Native or Non-native-speaking Teaching for L2 Pronunciation Teaching?—An Investigation on Their Teaching Effect and Students’ Preferences

  •  Ying Li    
  •  Gouzhi Zhang    


This study investigated L2 leaners’ preferences between native-speaking teachers (NST) and non-native-speaking teachers (NNST) as their English pronunciation teacher, and examined the participants’ accentedness and comprehensibility in L2-English pronunciation after being taught by a NST and a NNST. The participants were 30 undergraduates who were doing non-English majors at a university in China. They went through 4-month English pronunciation classes. In the first 2 months, they were taught by a NST. From the 3rd to the 4th month, they were taught by a NNST. Their accentedness and comprehensibility of spoken English were tested at the beginning of the programme (pre-test), at the end of the 2nd month (middle test), and at the end of the 4th month (post-test). Information on their evaluation of the NST and NNST as a pronunciation teacher was collected with questionnaires at the end of the experiment. According to the results, (1) compared with that in pre-test, the participants’ accentedness and comprehensibility both improved slightly in middle test; (2) compared with that in middle test, the participants received significant improvement both in comprehensibility and accentedness; (3) the majority of the participants prefer a NST to a NNST to be their English pronunciation teacher.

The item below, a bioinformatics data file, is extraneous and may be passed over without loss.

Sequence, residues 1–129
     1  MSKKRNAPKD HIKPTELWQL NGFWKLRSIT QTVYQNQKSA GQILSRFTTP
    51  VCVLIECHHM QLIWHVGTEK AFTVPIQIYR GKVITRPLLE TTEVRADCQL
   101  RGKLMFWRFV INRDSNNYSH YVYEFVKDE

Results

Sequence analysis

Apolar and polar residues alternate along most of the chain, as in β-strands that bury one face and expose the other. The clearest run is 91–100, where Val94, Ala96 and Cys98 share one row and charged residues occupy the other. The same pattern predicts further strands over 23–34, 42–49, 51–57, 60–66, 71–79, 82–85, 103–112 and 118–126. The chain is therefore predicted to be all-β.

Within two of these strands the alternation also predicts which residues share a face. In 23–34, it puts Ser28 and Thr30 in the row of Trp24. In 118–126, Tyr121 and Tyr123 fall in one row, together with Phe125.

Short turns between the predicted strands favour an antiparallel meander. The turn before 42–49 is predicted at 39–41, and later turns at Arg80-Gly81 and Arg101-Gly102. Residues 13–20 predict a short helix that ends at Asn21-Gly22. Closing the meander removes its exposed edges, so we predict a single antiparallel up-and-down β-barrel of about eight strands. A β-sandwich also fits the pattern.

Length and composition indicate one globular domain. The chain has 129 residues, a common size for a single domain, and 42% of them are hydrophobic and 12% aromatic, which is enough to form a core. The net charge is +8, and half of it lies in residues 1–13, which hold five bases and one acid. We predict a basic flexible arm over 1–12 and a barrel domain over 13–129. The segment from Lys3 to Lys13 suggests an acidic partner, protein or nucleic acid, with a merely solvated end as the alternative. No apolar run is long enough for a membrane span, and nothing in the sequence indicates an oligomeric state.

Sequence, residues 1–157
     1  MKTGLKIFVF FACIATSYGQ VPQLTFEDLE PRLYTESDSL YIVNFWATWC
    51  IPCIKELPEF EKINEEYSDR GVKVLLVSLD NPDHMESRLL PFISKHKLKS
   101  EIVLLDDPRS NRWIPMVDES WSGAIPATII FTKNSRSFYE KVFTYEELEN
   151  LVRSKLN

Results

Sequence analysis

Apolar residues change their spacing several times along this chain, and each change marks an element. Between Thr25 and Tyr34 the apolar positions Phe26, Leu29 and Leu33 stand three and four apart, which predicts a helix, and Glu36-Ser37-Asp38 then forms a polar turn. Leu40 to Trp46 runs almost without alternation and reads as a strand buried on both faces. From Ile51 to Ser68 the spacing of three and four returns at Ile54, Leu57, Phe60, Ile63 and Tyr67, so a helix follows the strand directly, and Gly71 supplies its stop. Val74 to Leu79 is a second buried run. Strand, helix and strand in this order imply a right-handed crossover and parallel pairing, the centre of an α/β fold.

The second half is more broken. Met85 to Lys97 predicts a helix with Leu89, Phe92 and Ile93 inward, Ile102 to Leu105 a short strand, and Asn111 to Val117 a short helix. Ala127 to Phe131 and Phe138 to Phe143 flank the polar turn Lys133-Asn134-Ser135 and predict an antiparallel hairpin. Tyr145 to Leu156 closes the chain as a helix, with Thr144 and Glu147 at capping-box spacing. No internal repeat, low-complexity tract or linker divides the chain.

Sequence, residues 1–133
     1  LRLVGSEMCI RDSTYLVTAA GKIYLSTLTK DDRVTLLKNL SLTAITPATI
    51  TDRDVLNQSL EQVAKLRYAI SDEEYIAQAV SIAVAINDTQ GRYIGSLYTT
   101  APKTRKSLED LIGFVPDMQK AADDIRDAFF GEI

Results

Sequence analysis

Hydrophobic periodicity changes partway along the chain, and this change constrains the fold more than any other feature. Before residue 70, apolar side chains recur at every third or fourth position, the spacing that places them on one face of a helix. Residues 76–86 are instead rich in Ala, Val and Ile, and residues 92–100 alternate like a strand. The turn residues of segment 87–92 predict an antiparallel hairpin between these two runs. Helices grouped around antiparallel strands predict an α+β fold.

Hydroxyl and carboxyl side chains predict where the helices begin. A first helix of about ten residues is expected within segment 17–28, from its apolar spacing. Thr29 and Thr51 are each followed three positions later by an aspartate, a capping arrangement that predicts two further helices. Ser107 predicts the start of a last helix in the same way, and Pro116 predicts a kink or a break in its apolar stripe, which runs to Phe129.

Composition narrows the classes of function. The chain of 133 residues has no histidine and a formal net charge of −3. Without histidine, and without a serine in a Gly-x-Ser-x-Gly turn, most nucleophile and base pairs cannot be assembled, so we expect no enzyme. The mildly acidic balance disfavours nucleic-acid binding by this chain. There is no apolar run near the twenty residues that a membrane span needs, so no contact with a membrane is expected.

This work is licensed under a Creative Commons Attribution 4.0 License.